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Thorax 68:192-194 doi:10.1136/thoraxjnl-2012-202071
  • Chest clinic
  • Audit, research and guideline update

Long-acting β-agonist prescribing in people with asthma in primary care

  1. Bruce Guthrie1
  1. 1Population Health Sciences Division, Medical Research Institute, University of Dundee, Dundee, UK
  2. 2School of Medicine, University of St Andrews, Fife, UK
  3. 3Division of Applied Health Sciences, University of Aberdeen, Aberdeen, UK
  1. Correspondence to Dr Daniel R Morales, Population Health Sciences Division, Medical Research Institute, University of Dundee, Mackenzie Building, Dundee DD2 4BF, UK; d.r.z.morales{at}dundee.ac.uk
  • Received 20 April 2012
  • Revised 1 August 2012
  • Accepted 5 August 2012
  • Published Online First 1 September 2012

Abstract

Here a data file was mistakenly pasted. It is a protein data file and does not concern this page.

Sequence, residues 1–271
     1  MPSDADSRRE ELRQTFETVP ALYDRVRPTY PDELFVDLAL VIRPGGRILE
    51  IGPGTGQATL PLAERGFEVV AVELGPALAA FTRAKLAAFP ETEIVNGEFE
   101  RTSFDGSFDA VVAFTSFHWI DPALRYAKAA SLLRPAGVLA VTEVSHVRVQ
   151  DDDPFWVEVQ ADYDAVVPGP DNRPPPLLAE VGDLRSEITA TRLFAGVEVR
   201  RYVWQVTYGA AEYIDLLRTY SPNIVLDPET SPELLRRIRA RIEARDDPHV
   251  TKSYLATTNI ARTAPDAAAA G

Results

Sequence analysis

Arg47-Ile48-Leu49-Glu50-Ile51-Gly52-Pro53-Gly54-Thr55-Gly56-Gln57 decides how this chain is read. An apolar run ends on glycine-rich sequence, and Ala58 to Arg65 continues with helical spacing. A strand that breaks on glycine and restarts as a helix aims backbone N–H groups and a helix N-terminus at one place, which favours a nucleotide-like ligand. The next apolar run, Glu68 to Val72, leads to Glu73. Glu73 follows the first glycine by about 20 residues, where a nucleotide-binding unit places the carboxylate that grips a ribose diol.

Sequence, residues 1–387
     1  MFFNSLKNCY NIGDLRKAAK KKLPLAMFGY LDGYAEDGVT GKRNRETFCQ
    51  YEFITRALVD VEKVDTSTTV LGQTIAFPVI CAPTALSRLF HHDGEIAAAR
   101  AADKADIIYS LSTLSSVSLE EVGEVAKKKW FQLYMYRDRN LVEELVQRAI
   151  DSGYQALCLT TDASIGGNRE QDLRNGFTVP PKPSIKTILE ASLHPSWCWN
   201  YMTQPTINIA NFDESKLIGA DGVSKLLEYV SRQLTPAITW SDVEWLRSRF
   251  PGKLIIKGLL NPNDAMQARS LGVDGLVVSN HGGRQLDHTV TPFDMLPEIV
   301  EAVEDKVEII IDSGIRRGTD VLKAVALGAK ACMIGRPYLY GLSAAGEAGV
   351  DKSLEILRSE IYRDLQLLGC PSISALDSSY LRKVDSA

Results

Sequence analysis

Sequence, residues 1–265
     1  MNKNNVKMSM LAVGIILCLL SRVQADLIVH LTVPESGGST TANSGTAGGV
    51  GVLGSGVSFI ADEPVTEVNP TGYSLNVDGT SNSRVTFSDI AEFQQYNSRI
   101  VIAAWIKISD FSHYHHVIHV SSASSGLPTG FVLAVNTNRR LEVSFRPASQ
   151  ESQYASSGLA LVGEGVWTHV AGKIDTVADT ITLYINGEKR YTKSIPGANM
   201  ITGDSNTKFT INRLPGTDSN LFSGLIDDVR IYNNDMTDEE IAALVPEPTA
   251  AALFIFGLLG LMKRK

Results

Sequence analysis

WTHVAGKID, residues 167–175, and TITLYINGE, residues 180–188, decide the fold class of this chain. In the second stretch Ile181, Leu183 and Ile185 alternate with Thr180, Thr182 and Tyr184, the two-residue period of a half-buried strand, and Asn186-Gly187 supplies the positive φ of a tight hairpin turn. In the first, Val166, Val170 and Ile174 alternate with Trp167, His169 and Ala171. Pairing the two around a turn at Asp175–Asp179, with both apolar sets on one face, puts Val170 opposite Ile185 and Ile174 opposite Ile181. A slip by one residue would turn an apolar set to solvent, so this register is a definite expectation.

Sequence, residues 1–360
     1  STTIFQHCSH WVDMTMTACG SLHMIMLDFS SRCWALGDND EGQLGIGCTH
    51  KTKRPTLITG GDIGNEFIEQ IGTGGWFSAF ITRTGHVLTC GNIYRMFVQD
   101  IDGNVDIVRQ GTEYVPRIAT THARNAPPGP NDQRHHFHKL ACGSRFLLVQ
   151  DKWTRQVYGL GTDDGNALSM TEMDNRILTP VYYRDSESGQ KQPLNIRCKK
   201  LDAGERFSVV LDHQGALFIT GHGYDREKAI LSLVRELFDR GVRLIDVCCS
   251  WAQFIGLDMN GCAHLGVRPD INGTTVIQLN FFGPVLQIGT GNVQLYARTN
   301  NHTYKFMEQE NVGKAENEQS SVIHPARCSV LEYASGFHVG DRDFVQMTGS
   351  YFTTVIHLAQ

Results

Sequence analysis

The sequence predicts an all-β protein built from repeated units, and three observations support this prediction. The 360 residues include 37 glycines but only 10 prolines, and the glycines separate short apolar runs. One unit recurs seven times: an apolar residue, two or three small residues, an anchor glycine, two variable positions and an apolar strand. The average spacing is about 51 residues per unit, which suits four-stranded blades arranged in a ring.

Long-acting β2-agonist (LABA) monotherapy is contraindicated in asthma following reports of serious adverse events. Anonymised Scottish health data were used to determine the prevalence of LABA prescribing and LABA monotherapy (sustained and episodic) in asthma during 2006. Of 73 486 asthma patients identified, 5592 (7.6%; 95% CI 7.4% to 7.8%) were prescribed LABAs as a separate inhaler of which 991 patients had LABA monotherapy (17.7% (95% CI 16.7% to 18.7%) of patients at risk). Asthma reviews were associated with reductions in sustained (OR 0.44; 95% CI 0.32 to 0.61) but not episodic monotherapy (OR 1.16; 95% CI 0.85 to 1.57). These findings support recent changes in UK asthma guidelines recommending LABAs in fixed-dose combination inhalers.

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